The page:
Cook Studio & Gallery — located at 1832 Frankfort Ave. across from the American Printing House for the Blind — will specialize in art, books, music and, in the future, beauty services.
Andy and Kelly, both artists, met in 2010 and soon after started a partnership in both marriage and business. Andy works in fine art, music, poetry and welding, and Kelly is a published author, cosmetologist, artist and musician. They combined their various skills into one vision — Cook Creative — and have been creating and helping others create ever since.
Kelly says the gallery will feature fine art in the form of paintings, drawings, portraits, metal sculptures and functional art, as well as books, music, photography, jewelry, T-shirts, magnets and much more. It’ll host exhibits by the owners and other local artists. And once they open the doors — pending approval of a zone change from mixed use to commercial/residential — Kelly also would like to offer her cosmetology services.
Four Roses releases Elliott’s Select — a single barrel, barrel-strength bourbon
Barrel-strength bourbons are delectable treats for bourbon aficionados. It’s the closest you can come to actually inserting a straw into a barrel and taking a sip. No water is added, and it’s only been subjected to a filtering process, so you’re not chewing on burnt wood as you drink.
Joining the latest brands to release a barrel-strength, high-proof bourbon — recently there have been offerings by 1792 and Bulleit — is Four Roses, which today announced the addition of Elliott’s Select to its line of quality bourbons.
The special limited release marks master distiller Brent Elliott‘s first hand-chosen bourbon, a 14-year-old that comes in at a hefty 117 proof. In a press release, Elliott says he’s hoping Four Roses fans agree with his selection.
“I’ve always been happiest when I’m so deep into a project that I lose track of time, and that’s exactly what happened when we began the process of selecting barrels for Elliott’s Select,” he says. “There’s something unique about this 14-year-old bourbon, and now that it has been bottled, I’m looking forward to taking a step back and hearing what our fans think.”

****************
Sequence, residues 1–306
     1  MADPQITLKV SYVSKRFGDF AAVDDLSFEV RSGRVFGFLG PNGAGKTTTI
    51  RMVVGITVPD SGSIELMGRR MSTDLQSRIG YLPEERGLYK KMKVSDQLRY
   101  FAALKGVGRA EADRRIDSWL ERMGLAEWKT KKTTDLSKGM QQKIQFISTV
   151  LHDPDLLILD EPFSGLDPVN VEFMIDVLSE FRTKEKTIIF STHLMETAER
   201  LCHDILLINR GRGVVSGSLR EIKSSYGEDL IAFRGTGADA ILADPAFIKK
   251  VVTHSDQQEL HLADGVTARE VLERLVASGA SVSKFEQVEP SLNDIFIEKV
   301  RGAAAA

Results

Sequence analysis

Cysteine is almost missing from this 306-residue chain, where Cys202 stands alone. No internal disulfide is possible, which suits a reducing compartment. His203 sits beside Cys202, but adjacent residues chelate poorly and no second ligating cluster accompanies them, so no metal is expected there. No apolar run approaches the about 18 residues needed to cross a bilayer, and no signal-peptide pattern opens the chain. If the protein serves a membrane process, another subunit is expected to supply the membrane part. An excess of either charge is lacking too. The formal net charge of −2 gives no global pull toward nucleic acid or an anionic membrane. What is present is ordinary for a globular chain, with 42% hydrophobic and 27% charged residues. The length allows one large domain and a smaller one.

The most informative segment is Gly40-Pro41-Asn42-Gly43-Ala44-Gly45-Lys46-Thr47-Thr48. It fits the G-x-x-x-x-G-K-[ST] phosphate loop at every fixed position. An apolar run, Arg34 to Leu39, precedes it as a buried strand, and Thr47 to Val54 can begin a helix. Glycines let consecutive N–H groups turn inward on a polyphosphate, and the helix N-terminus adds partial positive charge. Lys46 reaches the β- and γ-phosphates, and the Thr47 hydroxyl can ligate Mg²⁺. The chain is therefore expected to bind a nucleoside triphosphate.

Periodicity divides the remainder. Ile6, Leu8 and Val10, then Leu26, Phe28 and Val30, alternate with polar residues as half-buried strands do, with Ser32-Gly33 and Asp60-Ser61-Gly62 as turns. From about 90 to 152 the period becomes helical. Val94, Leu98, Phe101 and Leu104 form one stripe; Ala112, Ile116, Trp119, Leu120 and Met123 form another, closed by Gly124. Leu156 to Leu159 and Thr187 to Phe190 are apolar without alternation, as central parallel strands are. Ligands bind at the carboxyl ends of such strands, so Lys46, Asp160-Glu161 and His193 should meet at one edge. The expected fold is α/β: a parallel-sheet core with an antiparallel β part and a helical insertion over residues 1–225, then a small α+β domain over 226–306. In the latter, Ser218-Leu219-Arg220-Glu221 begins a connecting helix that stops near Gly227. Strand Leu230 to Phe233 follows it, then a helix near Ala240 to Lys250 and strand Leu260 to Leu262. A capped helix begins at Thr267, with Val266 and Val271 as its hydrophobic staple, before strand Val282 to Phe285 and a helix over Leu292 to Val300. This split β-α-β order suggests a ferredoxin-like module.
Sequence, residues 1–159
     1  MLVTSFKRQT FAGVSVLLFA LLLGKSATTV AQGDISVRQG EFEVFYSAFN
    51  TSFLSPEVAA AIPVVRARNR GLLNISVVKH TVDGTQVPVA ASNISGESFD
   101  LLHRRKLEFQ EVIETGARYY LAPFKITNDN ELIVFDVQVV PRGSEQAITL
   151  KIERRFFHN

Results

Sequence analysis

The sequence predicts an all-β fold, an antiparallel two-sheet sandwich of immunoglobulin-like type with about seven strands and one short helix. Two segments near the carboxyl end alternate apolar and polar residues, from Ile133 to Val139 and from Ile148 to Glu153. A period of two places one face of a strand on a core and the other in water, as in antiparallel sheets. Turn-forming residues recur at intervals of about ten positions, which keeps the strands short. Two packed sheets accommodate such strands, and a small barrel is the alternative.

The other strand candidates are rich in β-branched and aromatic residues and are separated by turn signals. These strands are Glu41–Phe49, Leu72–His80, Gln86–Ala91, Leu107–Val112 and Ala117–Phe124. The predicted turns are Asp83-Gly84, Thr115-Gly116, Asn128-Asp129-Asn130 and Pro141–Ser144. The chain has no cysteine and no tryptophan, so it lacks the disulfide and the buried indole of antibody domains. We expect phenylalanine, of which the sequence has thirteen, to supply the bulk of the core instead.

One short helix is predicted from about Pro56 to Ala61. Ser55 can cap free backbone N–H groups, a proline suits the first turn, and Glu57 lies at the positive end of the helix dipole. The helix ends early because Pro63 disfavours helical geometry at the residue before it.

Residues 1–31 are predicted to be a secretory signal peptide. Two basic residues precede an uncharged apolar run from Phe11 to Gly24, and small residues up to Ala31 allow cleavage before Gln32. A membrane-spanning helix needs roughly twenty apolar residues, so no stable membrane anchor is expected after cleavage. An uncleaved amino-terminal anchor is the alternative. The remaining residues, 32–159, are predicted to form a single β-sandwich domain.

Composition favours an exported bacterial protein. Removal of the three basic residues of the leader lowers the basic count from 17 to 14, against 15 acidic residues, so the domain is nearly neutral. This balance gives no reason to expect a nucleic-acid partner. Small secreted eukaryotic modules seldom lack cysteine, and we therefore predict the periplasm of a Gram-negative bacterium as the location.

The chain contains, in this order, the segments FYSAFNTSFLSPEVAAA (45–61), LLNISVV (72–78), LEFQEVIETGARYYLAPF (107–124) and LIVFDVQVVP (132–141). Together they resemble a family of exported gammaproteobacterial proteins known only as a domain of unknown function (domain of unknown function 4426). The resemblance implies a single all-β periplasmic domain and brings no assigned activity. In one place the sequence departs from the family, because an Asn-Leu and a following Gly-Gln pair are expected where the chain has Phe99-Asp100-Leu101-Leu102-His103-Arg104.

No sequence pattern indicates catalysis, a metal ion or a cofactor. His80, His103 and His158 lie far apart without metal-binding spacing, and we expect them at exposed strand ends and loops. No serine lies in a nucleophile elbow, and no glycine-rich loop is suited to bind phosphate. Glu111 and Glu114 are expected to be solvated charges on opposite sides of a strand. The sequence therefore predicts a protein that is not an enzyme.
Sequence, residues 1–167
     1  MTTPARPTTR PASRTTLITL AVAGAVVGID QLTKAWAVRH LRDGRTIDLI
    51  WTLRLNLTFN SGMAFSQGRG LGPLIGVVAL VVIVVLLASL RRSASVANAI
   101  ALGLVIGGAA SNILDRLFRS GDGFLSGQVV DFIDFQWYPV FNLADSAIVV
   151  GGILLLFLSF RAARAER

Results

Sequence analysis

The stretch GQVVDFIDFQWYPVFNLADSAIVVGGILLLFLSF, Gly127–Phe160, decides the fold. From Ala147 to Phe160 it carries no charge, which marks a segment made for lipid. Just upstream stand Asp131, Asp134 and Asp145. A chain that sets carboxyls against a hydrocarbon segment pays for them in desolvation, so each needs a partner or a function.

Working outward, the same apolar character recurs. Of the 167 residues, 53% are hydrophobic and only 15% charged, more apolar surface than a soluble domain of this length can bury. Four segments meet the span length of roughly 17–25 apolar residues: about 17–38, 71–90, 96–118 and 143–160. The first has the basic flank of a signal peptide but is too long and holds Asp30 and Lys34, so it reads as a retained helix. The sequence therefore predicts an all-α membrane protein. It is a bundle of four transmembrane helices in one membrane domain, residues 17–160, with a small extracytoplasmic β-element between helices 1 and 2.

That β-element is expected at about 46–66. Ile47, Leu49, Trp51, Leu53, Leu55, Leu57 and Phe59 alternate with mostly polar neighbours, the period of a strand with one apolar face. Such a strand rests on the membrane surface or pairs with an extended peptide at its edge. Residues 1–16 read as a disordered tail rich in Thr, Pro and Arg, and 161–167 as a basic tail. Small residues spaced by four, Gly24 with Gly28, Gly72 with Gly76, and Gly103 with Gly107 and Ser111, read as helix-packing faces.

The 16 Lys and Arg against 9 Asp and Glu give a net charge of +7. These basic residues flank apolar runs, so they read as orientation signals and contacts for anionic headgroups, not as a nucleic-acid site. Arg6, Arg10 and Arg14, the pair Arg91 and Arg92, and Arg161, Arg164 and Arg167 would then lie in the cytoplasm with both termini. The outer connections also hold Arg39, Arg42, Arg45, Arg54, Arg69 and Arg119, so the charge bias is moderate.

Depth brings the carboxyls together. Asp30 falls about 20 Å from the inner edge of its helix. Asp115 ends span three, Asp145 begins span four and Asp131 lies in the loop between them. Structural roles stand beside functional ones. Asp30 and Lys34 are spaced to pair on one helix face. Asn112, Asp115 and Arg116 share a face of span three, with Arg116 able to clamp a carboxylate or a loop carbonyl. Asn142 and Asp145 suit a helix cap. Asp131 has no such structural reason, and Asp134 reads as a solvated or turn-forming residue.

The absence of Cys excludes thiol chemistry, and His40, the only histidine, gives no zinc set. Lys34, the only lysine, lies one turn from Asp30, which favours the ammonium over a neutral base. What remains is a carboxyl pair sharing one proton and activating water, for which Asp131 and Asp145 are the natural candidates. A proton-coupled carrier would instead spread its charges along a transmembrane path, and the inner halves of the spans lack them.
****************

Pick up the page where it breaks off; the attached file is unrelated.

I was fortunate to get a sample of the bourbon and can attest to Elliott’s superb palate. The high-rye mash bill of Four Roses puts up a strong, peppery sting, followed by the warm, sweet notes of caramel and vanilla common in a 14-year bourbon. The high proof didn’t make an uncomfortable finish, which I was expecting, but it did warm me up all the way down.
Taco Bell rolling out four new restaurant looks
California-based Taco Bell isn’t going for a single cookie-cutter store look anymore. The fast-food chain has added four new cookie-cutters to the mix.
As part of its plan to open 2,000 new Taco Bell locations by 2022, the Yum! Brands subsidiary has introduced four new designs — Heritage, Modern Explorer, California Sol and Urban Edge — that the company’s executives say will allow the brand to fit in more with its various environments, according to a news release.
“It’s no longer one size fits all,” Deborah Brand, Taco Bell’s vice president of development and design, said in the release. “Consumers are looking for a localized, customized and personalized experiences that reflect the diversity of their communities – the flexibility in bringing these four designs to life gives us just that.”
Heritage is “a modern interpretation of Taco Bell’s original Mission Revival style.” California Sol offers a laid-back beach feel with plenty of glass to bring the outside in. Urban Edge is an “eclectic mix of international and street style,” and Modern Explorer includes modern, rustic touches that fit a more suburban or rural setting, the release states.
The designs all incorporate LED lights and energy-efficient heating and cooling equipment.
“Building new restaurants is a key component to the overall growth and evolution of Taco Bell,” said Taco Bell CEO Brian Niccol. “Great design, great food and great economics is at the heart of our growth.” —Caitlin Bowling
Environmental advocacy group calls for KFC to use antibiotic-free chicken
The Natural Resources Defense Council has asked Louisville-based fast-food chain KFC to abandon the use of chickens that are raised using human antibiotics.